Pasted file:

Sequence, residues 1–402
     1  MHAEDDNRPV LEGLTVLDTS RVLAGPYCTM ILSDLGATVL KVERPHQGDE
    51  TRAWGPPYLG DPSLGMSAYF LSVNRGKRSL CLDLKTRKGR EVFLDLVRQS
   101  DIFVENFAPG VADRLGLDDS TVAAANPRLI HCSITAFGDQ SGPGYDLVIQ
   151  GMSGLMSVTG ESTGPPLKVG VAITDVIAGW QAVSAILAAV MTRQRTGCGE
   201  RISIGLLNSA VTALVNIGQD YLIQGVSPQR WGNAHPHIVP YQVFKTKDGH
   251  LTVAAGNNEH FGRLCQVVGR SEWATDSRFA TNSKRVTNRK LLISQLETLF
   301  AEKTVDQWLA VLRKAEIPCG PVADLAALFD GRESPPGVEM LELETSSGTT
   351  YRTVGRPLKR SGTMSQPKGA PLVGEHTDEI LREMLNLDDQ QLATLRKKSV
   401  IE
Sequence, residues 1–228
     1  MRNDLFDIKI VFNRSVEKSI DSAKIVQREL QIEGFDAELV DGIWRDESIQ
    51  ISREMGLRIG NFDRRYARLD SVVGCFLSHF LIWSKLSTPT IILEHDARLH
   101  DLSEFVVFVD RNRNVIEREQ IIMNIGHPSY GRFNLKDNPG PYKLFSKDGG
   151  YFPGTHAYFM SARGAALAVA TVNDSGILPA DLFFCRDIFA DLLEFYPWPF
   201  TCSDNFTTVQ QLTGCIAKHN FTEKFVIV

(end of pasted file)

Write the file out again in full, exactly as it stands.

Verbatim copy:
Sequence, residues 1–402
     1  MHAEDDNRPV LEGLTVLDTS RVLAGPYCTM ILSDLGATVL KVERPHQGDE
    51  TRAWGPPYLG DPSLGMSAYF LSVNRGKRSL CLDLKTRKGR EVFLDLVRQS
   101  DIFVENFAPG VADRLGLDDS TVAAANPRLI HCSITAFGDQ SGPGYDLVIQ
   151  GMSGLMSVTG ESTGPPLKVG VAITDVIAGW QAVSAILAAV MTRQRTGCGE
   201  RISIGLLNSA VTALVNIGQD YLIQGVSPQR WGNAHPHIVP YQVFKTKDGH
   251  LTVAAGNNEH FGRLCQVVGR SEWATDSRFA TNSKRVTNRK LLISQLETLF
   301  AEKTVDQWLA VLRKAEIPCG PVADLAALFD GRESPPGVEM LELETSSGTT
   351  YRTVGRPLKR SGTMSQPKGA PLVGEHTDEI LREMLNLDDQ QLATLRKKSV
   401  IE
Sequence, residues 1–228
     1  MRNDLFDIKI VFNRSVEKSI DSAKIVQREL QIEGFDAELV DGIWRDESIQ
    51  ISREMGLRIG NFDRRYARLD SVVGCFLSHF LIWSKLSTPT IILEHDARLH
   101  DLSEFVVFVD RNRNVIEREQ IIMNIGHPSY GRFNLKDNPG PYKLFSKDGG
   151  YFPGTHAYFM SARGAALAVA TVNDSGILPA DLFFCRDIFA DLLEFYPWPF
   201  TCSDNFTTVQ QLTGCIAKHN FTEKFVIV